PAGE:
By Stewart Gandolf
Chief Executive Officer
There’s an immensely useful and effective technique in creating healthcare content that we see all the time. You might recognize it as a “cliffhanger” or a “page turner.” But by any label, experienced as well as freshman writers can use this suspenseful social media secret to keep their audience connected, interested and reading more.
Everyone enjoys a good story. But an added element of suspense and curiosity keeps your social media readers coming back for more. If the story is well told, the audience naturally wants to know what happens next. A slightly modified cliffhanger or content teaser keeps the points to the next part of the social media message.
In the broadcast radio industry, audience ratings are based in part on how long listeners stay tuned. Television programs, soap operas, books and magazine articles dangle suspenseful situations in incomplete endings that sell what’s next in the series.
Why this social media secret is important…
In marketing and advertising, we know the “what’s next” device increases the time a reader invests in the content. Increasing the click-through rate is an opportunity to present and educate the reader with more information.
To help get you started, here are 15 examples that you’re welcome to adapt to your social media posts. There are dozens of ways to connect to a reader’s curiosity and “what’s next” interest. But to illustrate, you might write something like:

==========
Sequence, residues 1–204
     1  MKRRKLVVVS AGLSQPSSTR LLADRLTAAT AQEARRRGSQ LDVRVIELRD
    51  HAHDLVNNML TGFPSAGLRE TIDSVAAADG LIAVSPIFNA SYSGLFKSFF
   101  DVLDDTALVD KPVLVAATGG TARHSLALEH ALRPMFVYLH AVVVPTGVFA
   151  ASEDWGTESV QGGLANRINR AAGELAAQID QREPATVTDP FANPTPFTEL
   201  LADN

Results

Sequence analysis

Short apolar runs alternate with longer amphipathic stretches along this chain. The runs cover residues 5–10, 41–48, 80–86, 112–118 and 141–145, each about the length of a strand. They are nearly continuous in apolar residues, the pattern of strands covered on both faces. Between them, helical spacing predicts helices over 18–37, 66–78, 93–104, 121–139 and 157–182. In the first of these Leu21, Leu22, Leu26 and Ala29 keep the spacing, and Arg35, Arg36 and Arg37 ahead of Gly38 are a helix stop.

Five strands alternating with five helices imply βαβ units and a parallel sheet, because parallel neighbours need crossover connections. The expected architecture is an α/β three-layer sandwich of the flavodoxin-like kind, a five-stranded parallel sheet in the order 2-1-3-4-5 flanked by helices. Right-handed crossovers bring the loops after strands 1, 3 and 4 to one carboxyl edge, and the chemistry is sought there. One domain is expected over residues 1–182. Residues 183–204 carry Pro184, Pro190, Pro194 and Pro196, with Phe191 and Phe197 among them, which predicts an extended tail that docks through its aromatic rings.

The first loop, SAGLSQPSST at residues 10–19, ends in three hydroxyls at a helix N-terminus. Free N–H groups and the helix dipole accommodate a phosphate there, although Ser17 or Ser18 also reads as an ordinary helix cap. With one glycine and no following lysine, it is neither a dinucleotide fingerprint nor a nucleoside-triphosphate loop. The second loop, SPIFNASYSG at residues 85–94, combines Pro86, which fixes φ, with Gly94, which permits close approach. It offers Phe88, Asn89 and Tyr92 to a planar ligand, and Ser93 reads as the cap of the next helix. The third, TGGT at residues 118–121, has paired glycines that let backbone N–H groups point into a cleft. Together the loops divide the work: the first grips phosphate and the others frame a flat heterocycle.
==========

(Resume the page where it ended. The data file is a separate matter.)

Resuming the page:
- If you think this looks unusual, wait until you see the rest
- She couldn’t believe what she was seeing, so she grabbed the camera
- This is the little-known reason why _____
- I had no idea that this was true
- Some weird things about _____. You will not believe #6
- This familiar (photo subject) is nothing like _____ now
- You’re not going to believe how (this) turned out
- The final photo in this series is (amazing) (chilling) (hilarious)
- What happens next is not to be believed
- ( # ) signs that _____
- ( # ) things that (someone) doesn’t want you to know
- The (lies) (jokes) (blunders) that you’ll hear about _____
- Nevertheless, don’t be fooled by _____
- You really need to see this. Trust me.
- She couldn’t believe that she was seeing. So she grabbed a camera and _____
Page turners, cliffhangers and the Zeigarnik effect…”
It seems like human nature has a natural interest in stories with cliffhangers. It’s a way to offer one more point of persuasion and shareable healthcare content. What’s more, a theory in psychology says that people remember incomplete or interrupted tasks better than completed ones. For more on that one, take a minute and look up “Zeigarnik effect.”